For smart lighting, the city has been working with impact targets in the economic, ecological and social fields. The report with project experiences and recommendations discusses the benefits that can be achieved.
Smart traffic management is the third PoC in the Smart and Connected City programme. Here too there are economic, ecological and social impact targets, and the outcomes for these are also presented in the report. It is not at the level of numbers, but rather presents the overall level of reasoning. The report, which was published in 2020, shows a number of benefits that smart traffic management can bring if implemented more widely.
Stockholm has also worked earnestly to hand over its PoCs to the operational organisations, which will then decide whether or not they want to implement them on a major scale. A very important component that many miss. For full transparency, I worked in a sister project on Open and Shared Data in the Smart and Connected City programme and have more insight here than in other cities’ work.
One of the cities that has been working with IoT and smart cities for a long time in a structured and deep way, and shares the knowledge it has gained on the page Innovation in Helsingborg. Many of the benefits they see from the work are difficult to quantify, such as:
- Better working environment and increased safety for employees
- Knowledge of actual conditions and operating history before the municipality takes over the operation of the outdoor environment from a developer
- Ability to plan operations based on data, not guesswork
- Impacts often come later and IoT is a bit too new to have seen all the impacts yet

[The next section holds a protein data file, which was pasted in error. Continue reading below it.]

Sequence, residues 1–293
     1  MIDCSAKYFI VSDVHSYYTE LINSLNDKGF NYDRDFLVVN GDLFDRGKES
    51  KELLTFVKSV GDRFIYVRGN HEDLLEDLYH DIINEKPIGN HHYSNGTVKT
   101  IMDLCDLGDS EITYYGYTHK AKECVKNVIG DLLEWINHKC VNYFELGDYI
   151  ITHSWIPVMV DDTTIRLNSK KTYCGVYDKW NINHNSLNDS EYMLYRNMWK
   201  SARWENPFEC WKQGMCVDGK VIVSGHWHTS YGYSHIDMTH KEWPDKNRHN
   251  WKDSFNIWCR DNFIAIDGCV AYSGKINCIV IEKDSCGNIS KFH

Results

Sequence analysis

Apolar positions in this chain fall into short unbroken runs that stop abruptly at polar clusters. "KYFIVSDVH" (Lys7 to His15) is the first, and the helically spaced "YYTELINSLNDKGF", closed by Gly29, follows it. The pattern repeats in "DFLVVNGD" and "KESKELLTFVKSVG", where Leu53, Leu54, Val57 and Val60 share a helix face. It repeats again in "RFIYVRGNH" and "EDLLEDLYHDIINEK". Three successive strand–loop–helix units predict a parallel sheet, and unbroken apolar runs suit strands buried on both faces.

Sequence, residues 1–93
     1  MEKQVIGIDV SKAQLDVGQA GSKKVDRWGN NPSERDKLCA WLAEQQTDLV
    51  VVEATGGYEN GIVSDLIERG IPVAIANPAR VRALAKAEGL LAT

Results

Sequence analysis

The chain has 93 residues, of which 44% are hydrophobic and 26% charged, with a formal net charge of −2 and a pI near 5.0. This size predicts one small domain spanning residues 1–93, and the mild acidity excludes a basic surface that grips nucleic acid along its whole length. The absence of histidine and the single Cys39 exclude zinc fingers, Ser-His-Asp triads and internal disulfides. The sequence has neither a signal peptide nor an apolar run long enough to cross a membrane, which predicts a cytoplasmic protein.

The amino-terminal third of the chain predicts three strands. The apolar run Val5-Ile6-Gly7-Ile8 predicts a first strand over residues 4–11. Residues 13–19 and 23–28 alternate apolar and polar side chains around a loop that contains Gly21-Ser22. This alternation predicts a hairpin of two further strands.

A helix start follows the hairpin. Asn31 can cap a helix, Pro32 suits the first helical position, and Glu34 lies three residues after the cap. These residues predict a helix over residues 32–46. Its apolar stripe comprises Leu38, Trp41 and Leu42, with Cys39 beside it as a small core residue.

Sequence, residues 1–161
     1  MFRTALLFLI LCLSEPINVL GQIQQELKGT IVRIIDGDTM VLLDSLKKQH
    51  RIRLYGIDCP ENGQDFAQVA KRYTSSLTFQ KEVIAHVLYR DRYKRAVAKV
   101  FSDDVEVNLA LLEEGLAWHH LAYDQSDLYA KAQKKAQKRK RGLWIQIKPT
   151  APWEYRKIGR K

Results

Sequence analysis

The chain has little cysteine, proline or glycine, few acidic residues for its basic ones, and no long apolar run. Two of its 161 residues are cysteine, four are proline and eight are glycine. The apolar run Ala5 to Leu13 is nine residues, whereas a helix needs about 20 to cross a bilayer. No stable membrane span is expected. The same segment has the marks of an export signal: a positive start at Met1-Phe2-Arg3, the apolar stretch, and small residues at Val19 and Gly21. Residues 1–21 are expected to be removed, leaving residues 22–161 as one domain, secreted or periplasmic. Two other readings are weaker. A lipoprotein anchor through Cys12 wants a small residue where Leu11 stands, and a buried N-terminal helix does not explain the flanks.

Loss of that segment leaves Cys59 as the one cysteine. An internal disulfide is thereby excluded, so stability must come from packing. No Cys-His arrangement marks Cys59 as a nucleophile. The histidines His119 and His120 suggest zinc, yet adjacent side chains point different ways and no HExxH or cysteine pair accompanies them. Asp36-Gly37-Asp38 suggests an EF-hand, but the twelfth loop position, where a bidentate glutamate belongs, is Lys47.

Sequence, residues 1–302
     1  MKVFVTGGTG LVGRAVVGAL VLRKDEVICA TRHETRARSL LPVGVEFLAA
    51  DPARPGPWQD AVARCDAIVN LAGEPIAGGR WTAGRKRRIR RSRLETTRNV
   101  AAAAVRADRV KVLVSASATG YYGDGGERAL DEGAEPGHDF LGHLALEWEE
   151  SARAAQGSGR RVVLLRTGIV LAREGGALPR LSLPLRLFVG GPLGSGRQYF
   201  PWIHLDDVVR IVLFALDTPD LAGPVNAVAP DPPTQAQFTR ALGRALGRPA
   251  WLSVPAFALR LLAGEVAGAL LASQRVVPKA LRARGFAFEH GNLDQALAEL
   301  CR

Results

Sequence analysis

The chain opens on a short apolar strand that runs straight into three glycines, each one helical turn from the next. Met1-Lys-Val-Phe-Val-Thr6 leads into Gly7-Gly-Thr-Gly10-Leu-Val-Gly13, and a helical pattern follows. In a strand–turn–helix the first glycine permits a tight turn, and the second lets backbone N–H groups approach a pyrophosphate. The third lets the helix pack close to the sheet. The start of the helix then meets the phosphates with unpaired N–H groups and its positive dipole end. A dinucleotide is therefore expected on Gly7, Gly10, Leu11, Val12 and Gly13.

- Data helps us identify which questions need to be answered
Health and safety come from the use of sensors that measure moisture and irrigation needs of trees in the central median of a 2+2 lane road. It costs about SEK 6,000/hour in vehicle costs to water the trees, and workers are at risk when performing this job. Sensor data allows watering only when really needed, thereby minimising costs and risks. The cost of replacing dead trees in the municipality is reported to be about SEK 15 million/year. If this cost can be reduced, it is also a benefit.
Knowledge of operating history is based on the fact that when a new area is built, the developer is often responsible for communal environments for a few years before they are transferred to municipal management. Continuous measurements allow the municipality to see whether the builder has fulfilled its obligations.
Great future opportunities are seen in relation to reducing costs, improving quality and simplifying management by being able to make more data-driven decisions.
Helsingborg is in the process of replacing 33,000 lighting points. The old ones are 40-45 years old, so they are very energy inefficient and it is difficult to find spare parts. The new luminaires will be LED and will also act as nodes in an IoT network to connect nodes in the physical space. Dense nodes allow cheaper technologies to be used for connectivity. For example, a chip for Bluetooth costs about SEK 150, while one for Lora costs about SEK 1,500. If IoT is to be scaled, the cost must be kept as low as possible.
The cost of lighting up the city is usually around SEK 12 million/year but has increased to SEK 24 million with increased electricity prices. This has led to the planned introduction date for smart lighting being reduced from 10 years to 5 years, as the smart lighting is estimated to save 70% in electricity costs. The payback period was estimated at 10 years with the lower electricity prices, but will be even faster with the current prices.